Look at verse 4. “A champion named Goliath, who was from Gath, came out of the Philistine camp. He was over nine feet tall.” The Philistine representative was a man named Goliath, known as a champion. This Philistine champion was about 3 meters in height. According to Guinness world record, the tallest man in medical history (Robert Pershing Wadlow, USA, born in 1918) was 2.72 m tall. In the Bible is the record of an Egyptian who was seven feet and a half (2.3 m) tall (1 Chr. 11:23). But Goliath was much taller. Then in verses 5-7, “He had a bronze helmet on his head and wore a coat of scale armor of bronze weighing five thousand shekels (57 kg); on his legs he wore bronze greaves, and a bronze javelin was slung on his back. His spear shaft was like a weaver’s rod, and its iron point weighed six hundred shekels (7 kg).” So Goliath was fully armed with the best equipment of that time: bronze helmet, heavy weighed bronze coat of scale armor, bronze greaves, bronze javelin, a long spear shaft with a weighty iron point. He looked formidable and imposing. His preparation for the battle seemed to be perfect. And the last description of him was that “his shield bearer went ahead of him.”

The appearance of Goliath was indeed imposing and formidable. But what did he do next? Look at verses 8-10. “Goliath stood and shouted to the ranks of Israel. ‘Why do you come out and line up for battle? Am I not a Philistine, and are you not the servants of Saul? Choose a man and have him come down to me. If he is able to fight and kill me, we will become your subjects; but if I overcome him and kill him, you will become our subjects and serve us.’ Then the Philistines said, ‘This day I defy the ranks of Israel! Give me a man and let us fight each other.’” Here we see Goliath’s psychological strategy through his words. Goliath used visible effect and then psychological effect to scare the Israelites, and it worked. In verse 11, “On hearing the Philistine’s words, Saul and all the Israelites were dismayed and terrified.”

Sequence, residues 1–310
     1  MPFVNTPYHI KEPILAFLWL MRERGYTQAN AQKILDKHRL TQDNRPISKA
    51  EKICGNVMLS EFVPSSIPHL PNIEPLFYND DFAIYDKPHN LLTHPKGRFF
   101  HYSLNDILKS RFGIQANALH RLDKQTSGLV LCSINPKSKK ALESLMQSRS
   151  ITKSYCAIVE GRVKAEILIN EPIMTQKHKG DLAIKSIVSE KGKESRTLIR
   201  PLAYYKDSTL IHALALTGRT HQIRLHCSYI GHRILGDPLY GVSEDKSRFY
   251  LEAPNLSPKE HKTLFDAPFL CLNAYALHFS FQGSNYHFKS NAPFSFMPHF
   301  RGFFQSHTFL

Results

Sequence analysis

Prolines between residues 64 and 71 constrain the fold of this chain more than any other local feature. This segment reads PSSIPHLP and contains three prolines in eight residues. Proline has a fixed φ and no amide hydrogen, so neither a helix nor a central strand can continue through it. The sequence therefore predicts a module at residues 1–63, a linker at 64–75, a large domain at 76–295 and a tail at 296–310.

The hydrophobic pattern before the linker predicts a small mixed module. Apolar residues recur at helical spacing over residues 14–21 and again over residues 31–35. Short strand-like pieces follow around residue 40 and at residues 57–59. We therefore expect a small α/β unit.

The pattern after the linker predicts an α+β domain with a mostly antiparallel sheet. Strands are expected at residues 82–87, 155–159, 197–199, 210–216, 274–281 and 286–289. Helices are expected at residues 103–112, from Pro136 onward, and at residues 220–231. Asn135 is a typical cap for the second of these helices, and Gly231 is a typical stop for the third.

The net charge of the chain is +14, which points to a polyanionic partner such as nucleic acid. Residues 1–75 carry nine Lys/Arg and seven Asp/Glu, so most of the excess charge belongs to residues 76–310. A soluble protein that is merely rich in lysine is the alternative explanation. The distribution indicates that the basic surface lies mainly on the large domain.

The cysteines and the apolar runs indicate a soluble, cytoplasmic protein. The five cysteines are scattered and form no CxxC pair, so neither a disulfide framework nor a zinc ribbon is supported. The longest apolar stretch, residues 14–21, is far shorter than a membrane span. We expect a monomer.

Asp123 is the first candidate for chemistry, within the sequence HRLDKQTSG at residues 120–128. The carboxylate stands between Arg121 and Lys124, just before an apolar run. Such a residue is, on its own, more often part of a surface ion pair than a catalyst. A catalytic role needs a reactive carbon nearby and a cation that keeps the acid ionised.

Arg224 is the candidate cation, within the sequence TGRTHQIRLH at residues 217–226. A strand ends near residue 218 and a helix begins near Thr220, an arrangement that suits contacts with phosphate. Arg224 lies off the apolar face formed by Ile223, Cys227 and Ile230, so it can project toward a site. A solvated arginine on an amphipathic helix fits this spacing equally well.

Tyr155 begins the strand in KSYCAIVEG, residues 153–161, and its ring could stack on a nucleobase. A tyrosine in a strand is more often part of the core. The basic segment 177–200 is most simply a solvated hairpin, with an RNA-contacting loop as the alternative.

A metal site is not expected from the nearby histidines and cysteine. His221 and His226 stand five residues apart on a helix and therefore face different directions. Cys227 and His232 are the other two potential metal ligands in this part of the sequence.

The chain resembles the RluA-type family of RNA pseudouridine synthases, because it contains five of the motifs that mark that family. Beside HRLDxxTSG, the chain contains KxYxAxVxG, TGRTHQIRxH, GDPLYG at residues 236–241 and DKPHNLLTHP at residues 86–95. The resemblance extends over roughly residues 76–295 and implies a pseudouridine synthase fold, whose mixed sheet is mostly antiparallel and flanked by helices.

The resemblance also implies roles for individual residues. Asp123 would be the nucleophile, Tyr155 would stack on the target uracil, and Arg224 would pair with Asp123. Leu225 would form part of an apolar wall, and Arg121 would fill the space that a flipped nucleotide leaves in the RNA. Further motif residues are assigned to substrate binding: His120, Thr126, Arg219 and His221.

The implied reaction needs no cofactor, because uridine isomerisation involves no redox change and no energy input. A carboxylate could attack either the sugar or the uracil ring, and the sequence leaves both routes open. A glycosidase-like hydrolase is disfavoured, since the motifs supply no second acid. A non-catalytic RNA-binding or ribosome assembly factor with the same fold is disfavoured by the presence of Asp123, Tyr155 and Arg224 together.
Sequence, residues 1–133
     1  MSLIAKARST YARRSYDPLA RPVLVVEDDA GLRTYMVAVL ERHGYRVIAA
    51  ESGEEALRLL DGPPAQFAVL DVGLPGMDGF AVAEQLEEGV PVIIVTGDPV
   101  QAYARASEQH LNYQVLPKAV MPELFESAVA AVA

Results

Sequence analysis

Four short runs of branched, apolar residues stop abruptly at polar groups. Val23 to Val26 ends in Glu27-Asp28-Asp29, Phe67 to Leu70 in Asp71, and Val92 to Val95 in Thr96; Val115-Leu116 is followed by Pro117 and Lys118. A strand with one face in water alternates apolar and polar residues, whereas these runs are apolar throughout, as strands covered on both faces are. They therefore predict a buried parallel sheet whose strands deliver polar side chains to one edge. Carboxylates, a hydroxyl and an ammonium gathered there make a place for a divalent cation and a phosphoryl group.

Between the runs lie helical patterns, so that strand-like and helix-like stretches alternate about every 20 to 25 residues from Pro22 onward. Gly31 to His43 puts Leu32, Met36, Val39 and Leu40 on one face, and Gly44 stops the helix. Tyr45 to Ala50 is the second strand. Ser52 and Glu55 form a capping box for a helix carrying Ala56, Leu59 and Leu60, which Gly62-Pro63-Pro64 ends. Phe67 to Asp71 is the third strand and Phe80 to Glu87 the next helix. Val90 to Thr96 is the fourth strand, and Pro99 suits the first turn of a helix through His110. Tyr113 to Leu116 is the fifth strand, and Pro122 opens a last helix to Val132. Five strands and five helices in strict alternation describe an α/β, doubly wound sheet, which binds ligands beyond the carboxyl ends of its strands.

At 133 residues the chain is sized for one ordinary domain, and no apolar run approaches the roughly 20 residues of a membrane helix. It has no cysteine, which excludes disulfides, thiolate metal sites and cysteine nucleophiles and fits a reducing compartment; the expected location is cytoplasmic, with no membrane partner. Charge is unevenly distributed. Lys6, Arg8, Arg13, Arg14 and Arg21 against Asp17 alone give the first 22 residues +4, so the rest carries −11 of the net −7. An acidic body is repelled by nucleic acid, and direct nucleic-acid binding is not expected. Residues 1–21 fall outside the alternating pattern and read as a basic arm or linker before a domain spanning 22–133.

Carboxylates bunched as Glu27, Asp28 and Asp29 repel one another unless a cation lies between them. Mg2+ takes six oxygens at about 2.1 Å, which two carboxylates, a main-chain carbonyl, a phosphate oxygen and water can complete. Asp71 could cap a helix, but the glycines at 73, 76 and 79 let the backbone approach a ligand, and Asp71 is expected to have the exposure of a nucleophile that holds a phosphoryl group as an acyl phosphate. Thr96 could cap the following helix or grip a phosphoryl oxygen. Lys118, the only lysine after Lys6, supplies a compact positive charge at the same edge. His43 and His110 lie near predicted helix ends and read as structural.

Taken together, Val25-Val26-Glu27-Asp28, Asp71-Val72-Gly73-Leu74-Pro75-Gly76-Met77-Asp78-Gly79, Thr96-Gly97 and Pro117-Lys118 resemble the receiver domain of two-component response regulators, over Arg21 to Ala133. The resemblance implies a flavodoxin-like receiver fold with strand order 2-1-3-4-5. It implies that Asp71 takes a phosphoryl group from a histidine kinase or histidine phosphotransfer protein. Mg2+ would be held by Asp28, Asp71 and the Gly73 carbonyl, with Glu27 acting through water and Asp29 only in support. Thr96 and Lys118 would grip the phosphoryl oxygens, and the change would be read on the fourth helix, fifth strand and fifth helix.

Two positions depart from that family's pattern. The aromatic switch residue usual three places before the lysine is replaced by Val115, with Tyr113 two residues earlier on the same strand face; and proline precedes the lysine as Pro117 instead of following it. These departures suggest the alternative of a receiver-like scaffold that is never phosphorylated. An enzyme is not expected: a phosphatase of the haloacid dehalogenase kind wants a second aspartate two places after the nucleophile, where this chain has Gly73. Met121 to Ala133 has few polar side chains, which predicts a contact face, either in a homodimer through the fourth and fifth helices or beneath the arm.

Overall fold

Here we need to observe Goliath’s appearance and tactic carefully. He was leading the Israelites to fight in terms of a dual battle based on his own merit and strength. We don’t know anything about his ability to lead the whole army and mobilize the military power to fight most effectively. He suggested only to fight on a duel, mentioning it twice, “Choose a man and have him come down to me”, and “Give me a man and let us fight each other.”